8. Wow, this game looks extremely professional and fun!
  9. Good point, mhagain. Are you changing window styles at runtime, or do you have a hardcoded value that you are changing? If you're changing window styles at runtime, you may have confused your window's client area with the overall window size. When you call CreateWindow, the dimensions you specify include any area taken up by whatever titlebars and borders get created according to the window style you specify. There is a Win32 method called GetClientRect that tells you the area of your window [i]excluding[/i] any titlebars and borders. So maybe your backbuffer is created with the dimensions that GetClientRect gives you, and then when you change to popup mode, your backbuffer is not getting resized. Of course that's all assuming you're changing the window style at runtime.
  10. [quote name='maheshbinny' timestamp='1337687384' post='4942170'] how to do it? how it will change ball's direction? [/quote] You must have some piece of data that is keeping track of the ball's current direction. For example, you could have a float called currentDirection that is a value ranging from 0 - 360. Once you have determined the new direction for the ball, assign that value to currentDirection. (i.e., currentDirection = CalculateNewDirection();) Then on every frame, you need to update the ball's position, so you would do something like: ball.x = ballSpeed * cos(currentDirection); ball.y = ballSpeed * sin(currentDirection); Your code may differ depending on which direction is 0 degrees, and whether degrees increase clockwise or counter-clockwise. Also, it is possible to keep track of the current direction using a vector instead of a float.
  11. It's been a while since I've played any Pong clones, but I had always thought that the angle at which the ball bounced was related to the angle at which the ball impacted the bat (as opposed to [i]where[/i] it impacted the bat). I've always assumed that pong obeyed the law of "angle of incidence = angle of reflection" ([url="http://www.physicsclassroom.com/class/refln/u13l1c.cfm"]http://www.physicsclassroom.com/class/refln/u13l1c.cfm[/url]). But let's say you do want the sphere's direction to be based on which part of the bat it hit. When you detect the collision, you need to determine which part of the bat the ball hit. (i.e., a value from 0 - 100, where 0 is the bottom of the bat, and 100 is the top of the bat). Then take that value and multiply it by 180 degrees. This will give you the value of the ball's new direction (where 0 degrees is pointing toward the bottom of the screen, and 180 degrees is pointing toward the top of the screen).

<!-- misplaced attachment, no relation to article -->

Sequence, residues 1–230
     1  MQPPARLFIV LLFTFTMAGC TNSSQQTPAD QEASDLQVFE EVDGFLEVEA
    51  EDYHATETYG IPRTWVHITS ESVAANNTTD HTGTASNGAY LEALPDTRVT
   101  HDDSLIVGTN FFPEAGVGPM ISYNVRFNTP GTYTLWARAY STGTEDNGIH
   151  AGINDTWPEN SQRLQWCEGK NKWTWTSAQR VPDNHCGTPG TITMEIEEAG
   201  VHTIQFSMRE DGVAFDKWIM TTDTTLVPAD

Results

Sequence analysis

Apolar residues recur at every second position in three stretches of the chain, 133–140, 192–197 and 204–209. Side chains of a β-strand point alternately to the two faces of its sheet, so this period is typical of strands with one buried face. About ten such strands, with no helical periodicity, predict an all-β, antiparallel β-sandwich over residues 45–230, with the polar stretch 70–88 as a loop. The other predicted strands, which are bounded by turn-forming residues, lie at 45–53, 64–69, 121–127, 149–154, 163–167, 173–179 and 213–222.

12. Are you enumerating the display modes from the adapters and outputs, or are you using a hardcoded value? MS says that any kind of windowed mode will be slower than fullscreen, because rendering must be done by a blt instead of a flip. (However, Washu says that he's seen games where the difference is negligible). Are you using DX11? I recently found out that DXGI can tinker with your window settings behind the scene. You can use the following method to prevent it from doing so. dxgiFactory->MakeWindowAssociation(g_hWnd, DXGI_MWA_NO_WINDOW_CHANGES | DXGI_MWA_NO_ALT_ENTER | DXGI_MWA_NO_PRINT_SCREEN); Note that you must call this method on the DXGIFactory object that created your swap chain. So you will have to create your swap chain with dxgiFactory->CreateSwapChain. Another option is to get a reference to the DXGIFactory object that created your swap chain by calling adapter->GetParent (or maybe d3dDevice->GetParent).
  13. Alright!!! I got fullscreen exclusive mode working without that warning in the debug output. I did three things:[list=1] [*]when creating my device and swapchain, I changed my DXGI_SWAP_CHAIN_DESC's BufferCount from 1 to 2. (I assumed the "inefficiency" DX was complaining about had to do with performing a blit instead of a flip. Well, how can it perform a flip when I only had 1 buffer???) [*]I changed my DXGI_SWAP_CHAIN_DESC's SwapEffect to DXGI_SWAP_EFFECT_SEQUENTIAL. [*]When creating my DXGI_SWAP_CHAIN_DESC variable, I was setting BufferDesc.RefreshRate to an enumerated refresh rate value from the primary monitor. Some how it dawned on my that DX may be trying to reuse this refresh rate when I moved my app to my 2nd monitor. So now I just call ZeroMemory on the refresh rate here. [/list]
  14. On Friday night I went to Dave & Buster's (an arcade/bar/restaurant). I had a good time, but I was a bit disappointed by the selection of games. The games mostly fell into one of three categories:[list] [*]FPS games (House of the Dead, Rambo, Terminator, etc.) [*]Racing games [*]ticket-winning games - skee ball, those mini basketball things, etc. (These are the ones where you can turn in the tickets for prizes). [/list] I found myself thinking "Where are all the regular arcade games?" You know, games with a joystick and a few buttons. The only games like this were Virtua Tennis 3 (which was a ton of fun), and old school games like Donkey Kong and Frogger. My main complaint is that FPS games and Racing games are pretty much all the same, but with different themes. There are no huge differences in gameplay between racing game A and racing game B, or between FPS game A and FPS game B. As for ticket-winning games, most of them aren't even video games. Do you guys also find that this is what most arcades are like now, or does my local Dave & Buster's suck? If it's the former, that is sad! When I was a kid, and most games were controlled by a joystick and buttons, I remember there being much more variety in gameplay.
  15. Are you interested in programming? If not, you will be limited to apps like RPG maker, or other game makers. If you want to do your own programming, you will have to spend some time learning a programming language before you can start making a game. And then you will probably want to start with something like Pong, not an RPG. Believe me - when I was 16 I thought I could make an FPS, and it was way, way harder than I thought. I didn't come anywhere close to finishing the project.